Family-Controlled Surveillance Camera Project
Contents of this page:
1) Understanding the Project
2) Articles on Family-Controlled Surveillance Cameras
3) We Seek Information on Facilities Using Surveillance Cameras
Understanding the Project:
Press Release on the Camera Project
Information on the Family-Controlled Surveillance Camera Project
Positive Changes Resulting from Using Family-Controlled Surveillance Cameras
Why Surveillance Cameras, Although Legal, Are Not Being Used
Answers to Camera Concerns Voiced by Nursing Home Owners
Why Family-Controlled Surveillance Cameras Are Needed
Privacy Issues Relating to Family-Controlled Surveillance Cameras
Articles published on family-controlled surveillance cameras
Florida's nursing home residents should have the right to install video cameras in their rooms, a state task force said on January 24, 2002. Click here for information
Other articles on surveillance cameras:
Family-Controlled Surveillance Cameras for Safety, Dignity and Peace of Mind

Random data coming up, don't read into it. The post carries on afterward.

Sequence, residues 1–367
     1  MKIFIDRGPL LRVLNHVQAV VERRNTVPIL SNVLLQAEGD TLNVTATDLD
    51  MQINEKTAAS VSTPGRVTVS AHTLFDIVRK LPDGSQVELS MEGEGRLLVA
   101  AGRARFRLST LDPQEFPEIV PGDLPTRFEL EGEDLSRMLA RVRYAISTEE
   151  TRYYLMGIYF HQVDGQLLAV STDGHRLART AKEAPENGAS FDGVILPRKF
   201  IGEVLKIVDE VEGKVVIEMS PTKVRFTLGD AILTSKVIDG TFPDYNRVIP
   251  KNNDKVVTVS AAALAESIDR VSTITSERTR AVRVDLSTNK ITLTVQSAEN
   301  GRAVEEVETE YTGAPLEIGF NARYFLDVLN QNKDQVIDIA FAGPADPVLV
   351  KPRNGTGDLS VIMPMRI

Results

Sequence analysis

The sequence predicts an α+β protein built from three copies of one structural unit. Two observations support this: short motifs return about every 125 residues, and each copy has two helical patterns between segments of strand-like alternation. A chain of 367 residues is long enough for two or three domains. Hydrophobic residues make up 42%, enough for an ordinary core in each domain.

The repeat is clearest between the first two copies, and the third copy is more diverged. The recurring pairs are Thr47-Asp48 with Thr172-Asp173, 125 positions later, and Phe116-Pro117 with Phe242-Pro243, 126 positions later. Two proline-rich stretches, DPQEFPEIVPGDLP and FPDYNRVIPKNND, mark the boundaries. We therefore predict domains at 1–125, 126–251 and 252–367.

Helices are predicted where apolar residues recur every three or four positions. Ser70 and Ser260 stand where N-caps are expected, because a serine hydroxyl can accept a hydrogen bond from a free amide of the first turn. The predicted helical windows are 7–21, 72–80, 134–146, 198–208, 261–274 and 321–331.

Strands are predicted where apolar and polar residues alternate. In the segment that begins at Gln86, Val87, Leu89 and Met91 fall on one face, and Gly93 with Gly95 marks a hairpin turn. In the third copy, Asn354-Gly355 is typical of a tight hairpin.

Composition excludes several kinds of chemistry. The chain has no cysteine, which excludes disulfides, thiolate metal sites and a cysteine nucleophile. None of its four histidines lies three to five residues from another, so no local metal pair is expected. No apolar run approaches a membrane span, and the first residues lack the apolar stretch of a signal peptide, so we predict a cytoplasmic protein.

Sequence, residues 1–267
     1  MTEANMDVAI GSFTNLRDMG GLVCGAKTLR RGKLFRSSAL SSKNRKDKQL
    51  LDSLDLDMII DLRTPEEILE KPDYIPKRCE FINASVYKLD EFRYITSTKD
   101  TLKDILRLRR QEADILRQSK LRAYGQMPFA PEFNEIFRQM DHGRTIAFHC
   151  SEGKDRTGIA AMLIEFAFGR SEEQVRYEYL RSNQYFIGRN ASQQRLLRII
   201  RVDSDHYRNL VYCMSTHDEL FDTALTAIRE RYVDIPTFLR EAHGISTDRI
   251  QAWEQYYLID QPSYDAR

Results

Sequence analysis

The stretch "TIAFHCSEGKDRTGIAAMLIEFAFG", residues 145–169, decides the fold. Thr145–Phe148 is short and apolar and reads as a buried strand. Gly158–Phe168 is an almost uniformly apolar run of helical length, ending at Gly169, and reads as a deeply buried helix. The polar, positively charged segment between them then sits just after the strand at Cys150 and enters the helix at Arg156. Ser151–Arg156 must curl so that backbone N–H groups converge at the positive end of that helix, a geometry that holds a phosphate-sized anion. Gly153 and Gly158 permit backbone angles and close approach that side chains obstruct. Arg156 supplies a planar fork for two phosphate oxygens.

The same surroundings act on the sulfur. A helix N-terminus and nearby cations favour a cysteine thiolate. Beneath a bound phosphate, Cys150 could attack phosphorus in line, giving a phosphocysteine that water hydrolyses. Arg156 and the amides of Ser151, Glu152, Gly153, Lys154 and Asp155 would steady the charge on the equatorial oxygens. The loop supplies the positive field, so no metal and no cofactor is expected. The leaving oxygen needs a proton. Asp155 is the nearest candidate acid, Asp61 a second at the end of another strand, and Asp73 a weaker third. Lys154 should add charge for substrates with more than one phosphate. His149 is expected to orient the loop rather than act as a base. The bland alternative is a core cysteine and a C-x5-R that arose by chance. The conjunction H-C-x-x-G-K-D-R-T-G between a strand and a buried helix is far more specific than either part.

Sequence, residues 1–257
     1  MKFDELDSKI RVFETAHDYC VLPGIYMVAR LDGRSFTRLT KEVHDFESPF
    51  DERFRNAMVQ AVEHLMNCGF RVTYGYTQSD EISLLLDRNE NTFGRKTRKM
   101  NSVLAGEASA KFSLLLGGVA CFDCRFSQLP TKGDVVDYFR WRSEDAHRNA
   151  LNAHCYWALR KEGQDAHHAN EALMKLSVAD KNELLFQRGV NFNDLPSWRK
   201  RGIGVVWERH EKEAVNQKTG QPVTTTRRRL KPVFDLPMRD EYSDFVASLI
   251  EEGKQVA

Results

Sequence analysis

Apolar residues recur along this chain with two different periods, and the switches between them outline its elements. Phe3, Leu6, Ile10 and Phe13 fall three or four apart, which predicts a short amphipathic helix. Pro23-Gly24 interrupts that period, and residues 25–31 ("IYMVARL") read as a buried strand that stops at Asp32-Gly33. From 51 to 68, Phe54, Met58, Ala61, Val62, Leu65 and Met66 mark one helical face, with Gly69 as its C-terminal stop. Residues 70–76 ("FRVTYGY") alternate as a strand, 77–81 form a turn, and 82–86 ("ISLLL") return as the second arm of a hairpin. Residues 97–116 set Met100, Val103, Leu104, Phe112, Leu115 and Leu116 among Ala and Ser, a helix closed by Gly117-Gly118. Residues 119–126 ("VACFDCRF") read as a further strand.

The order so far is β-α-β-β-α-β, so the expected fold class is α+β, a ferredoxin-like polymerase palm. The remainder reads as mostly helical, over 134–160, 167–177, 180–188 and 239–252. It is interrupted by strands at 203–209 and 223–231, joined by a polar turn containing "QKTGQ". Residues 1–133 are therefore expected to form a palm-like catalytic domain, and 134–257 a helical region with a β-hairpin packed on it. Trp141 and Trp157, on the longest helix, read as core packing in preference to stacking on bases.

We Seek Information on Facilities that are Using Surveillance CamerasWe expect the right of the nursing home resident to monitor his or her
Only a handful have been willing are willing to talk about the use and
derived from this practice.
Most, even though they have excellent care records, low turnover rates and
free residents, are not willing to go public fearing the ire of the industry. We are asking
everyone's help for information re facilities that are using surveillance extensively.
Staff at Georgetown University Hospital Do Not Mind Surveillance Cameras
Georgetown University Hospital recently conducted a study using 24 hr surveillance to
determine how much time was spent with dying patients. The study was published on October 1, 2001 in the American Journal of Medicine.
According to Daniel P. Sulmasy, MD, PhD, an ethicist and Franciscan friar who placed the
surveillance cameras, the nursing and medical staff did not object to the surveillance cameras.
"They seemed to be OK with it" he said. "At the end of the study, we qualitatively asked the
nurses and house staff about the cameras. They said the routine of the day took over and they barely knew the cameras were there.
An article re this study was published in The Nursing Spectrum: "Caught on Camera: All Alone at the End of Life" by Josie Howard Ruben, RN, MS, CHPN.
|10/1/01 "Staff at Georgetown University Hospital Do Not Mind Surveillance Cameras" - American Journal of Medicine|